Breaking Away: How Great Leaders Create Innovation that Drives Sustainable Growth--and Why Others Fail
Innovation Leaders Praise Breaking Away
“Finally, innovation in a framework that is clear, insightful and easy to put into practice. This is a must read.”
―Angela Ahrendts, Chief Executive Officer, Burberry
“Breaking Away has a clear and important message: that innovation―the dogged pursuit of new solutions to old problems―is often the defining feature of a successful endeavor, be it a research project, a corporation or a society.”
―Dean Kamen, CEO, DEKA, inventor of the heart stent, the Segway, and many other transformational innovations
“Using case studies and real examples, Jane Stevenson and Bilal Kaafarani uncover the missing ingredient in innovation―getting the most from your people. This book shows you how companies can excel.”
―Joel Kurtzman, Milken Institute and Wharton’s SEI Center for Advanced Studies in Management
“Innovation requires top leadership with courage and passion to win. With its four levels of innovation. Breaking Away provides a great road map for success. A must read for any executive.”
―Denise Morrison, Board Member, COO and CEO Elect, The Campbell Soup Company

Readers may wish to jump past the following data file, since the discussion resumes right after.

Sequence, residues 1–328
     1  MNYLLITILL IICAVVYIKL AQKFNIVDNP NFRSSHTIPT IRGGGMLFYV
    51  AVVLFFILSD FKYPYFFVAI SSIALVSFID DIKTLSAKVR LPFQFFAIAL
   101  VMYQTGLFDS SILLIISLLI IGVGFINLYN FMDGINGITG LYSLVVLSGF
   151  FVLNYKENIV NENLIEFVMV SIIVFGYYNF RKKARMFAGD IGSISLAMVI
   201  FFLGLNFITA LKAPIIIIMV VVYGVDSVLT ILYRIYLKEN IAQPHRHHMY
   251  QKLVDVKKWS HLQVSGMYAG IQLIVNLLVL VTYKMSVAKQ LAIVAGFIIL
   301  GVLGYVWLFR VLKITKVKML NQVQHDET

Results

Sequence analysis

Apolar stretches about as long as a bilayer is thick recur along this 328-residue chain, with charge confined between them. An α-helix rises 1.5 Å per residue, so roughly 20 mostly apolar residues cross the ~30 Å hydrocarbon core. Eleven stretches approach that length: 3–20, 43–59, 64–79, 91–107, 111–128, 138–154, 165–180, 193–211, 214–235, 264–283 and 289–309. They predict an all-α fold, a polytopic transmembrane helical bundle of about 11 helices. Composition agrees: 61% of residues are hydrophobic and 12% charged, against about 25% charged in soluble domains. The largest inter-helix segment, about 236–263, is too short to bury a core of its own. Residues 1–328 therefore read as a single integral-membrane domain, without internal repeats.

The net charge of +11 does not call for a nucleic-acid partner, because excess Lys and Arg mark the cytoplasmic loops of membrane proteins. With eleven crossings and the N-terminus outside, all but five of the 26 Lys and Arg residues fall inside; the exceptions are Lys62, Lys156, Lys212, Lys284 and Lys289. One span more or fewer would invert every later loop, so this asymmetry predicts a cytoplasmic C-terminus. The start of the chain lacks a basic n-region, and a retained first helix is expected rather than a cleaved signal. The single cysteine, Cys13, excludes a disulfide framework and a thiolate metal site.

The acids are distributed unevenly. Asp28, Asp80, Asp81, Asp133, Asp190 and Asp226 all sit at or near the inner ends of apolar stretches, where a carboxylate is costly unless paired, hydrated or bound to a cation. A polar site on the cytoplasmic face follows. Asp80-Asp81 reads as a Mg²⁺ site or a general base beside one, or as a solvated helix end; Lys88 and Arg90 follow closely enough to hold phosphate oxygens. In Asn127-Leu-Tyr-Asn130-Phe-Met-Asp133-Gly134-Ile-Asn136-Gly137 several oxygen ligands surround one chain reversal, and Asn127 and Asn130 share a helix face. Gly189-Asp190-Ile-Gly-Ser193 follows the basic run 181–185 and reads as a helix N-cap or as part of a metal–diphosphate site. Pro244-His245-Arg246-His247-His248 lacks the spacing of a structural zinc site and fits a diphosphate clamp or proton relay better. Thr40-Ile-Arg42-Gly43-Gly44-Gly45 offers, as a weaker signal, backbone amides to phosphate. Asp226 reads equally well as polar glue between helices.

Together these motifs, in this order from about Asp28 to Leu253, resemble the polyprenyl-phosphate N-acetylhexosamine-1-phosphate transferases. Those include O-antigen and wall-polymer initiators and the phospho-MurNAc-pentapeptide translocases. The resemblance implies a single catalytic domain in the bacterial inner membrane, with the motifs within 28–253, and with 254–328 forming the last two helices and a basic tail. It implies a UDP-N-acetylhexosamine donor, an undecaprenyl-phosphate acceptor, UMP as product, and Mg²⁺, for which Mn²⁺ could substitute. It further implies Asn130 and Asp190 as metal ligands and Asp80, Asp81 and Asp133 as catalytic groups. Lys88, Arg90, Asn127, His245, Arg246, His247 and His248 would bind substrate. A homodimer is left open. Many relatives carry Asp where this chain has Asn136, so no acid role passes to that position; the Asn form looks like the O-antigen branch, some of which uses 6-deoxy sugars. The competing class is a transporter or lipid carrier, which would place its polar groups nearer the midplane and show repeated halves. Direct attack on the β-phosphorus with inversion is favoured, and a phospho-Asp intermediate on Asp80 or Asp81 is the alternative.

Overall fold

“A fabulous read! Breaking Away artfully defines innovation and clarifies the critical role leadership plays in nurturing the right culture for innovation and growth.”
―Marco Jesi, Chairman of the Board, Limoni Profumerie S.P.A.
“At last, a book that captures the critical role leadership plays in enabling a culture where innovation is stimulated, valued, supported and celebrated. The authors have gone deep to understand what the best CEO’s do to develop continuous innovation as a competitive edge. Breaking Away gives us a clear framework to make that happen in every organization.”
―Cynthia McCague, Board of Directors, Monster.com and former SVP Human Resources, The Coca-Cola Company
”Stevenson and Kaafarani 'break away' from traditional thinking to converge on a powerful thesis that will forever change how we view innovation.”
―Judith Glaser, CEO Benchmark Communications, Inc, and the bestselling author of Creating We and DNA of Leadership
“A how-to guide on inspiring a culture of innovation in your workplace.”
―CIO Insight’s Best Business Books for 2011
About the Book
The key to generating growth and shareholder value today is the ability to develop and embed innovation into every facet of business. But how do you do that?
Leadership. It takes a business leader with vision and a sense of accountability to merge corporate culture and innovation processes into a powerful, self-sustaining engine that dominates markets. Without that kind of leadership, a company is just spinning its wheels.
Breaking Away provides the framework to be that leader―and to create other leaders who will drive your company into a future of profits and growth.
Pioneers in the field of innovation leadership, Jane Stevenson and Bilal Kaafarani provide a simple but powerful model for breaking away from your industry pack by fully utilizing your employees, technology, and resources. You’ll learn how: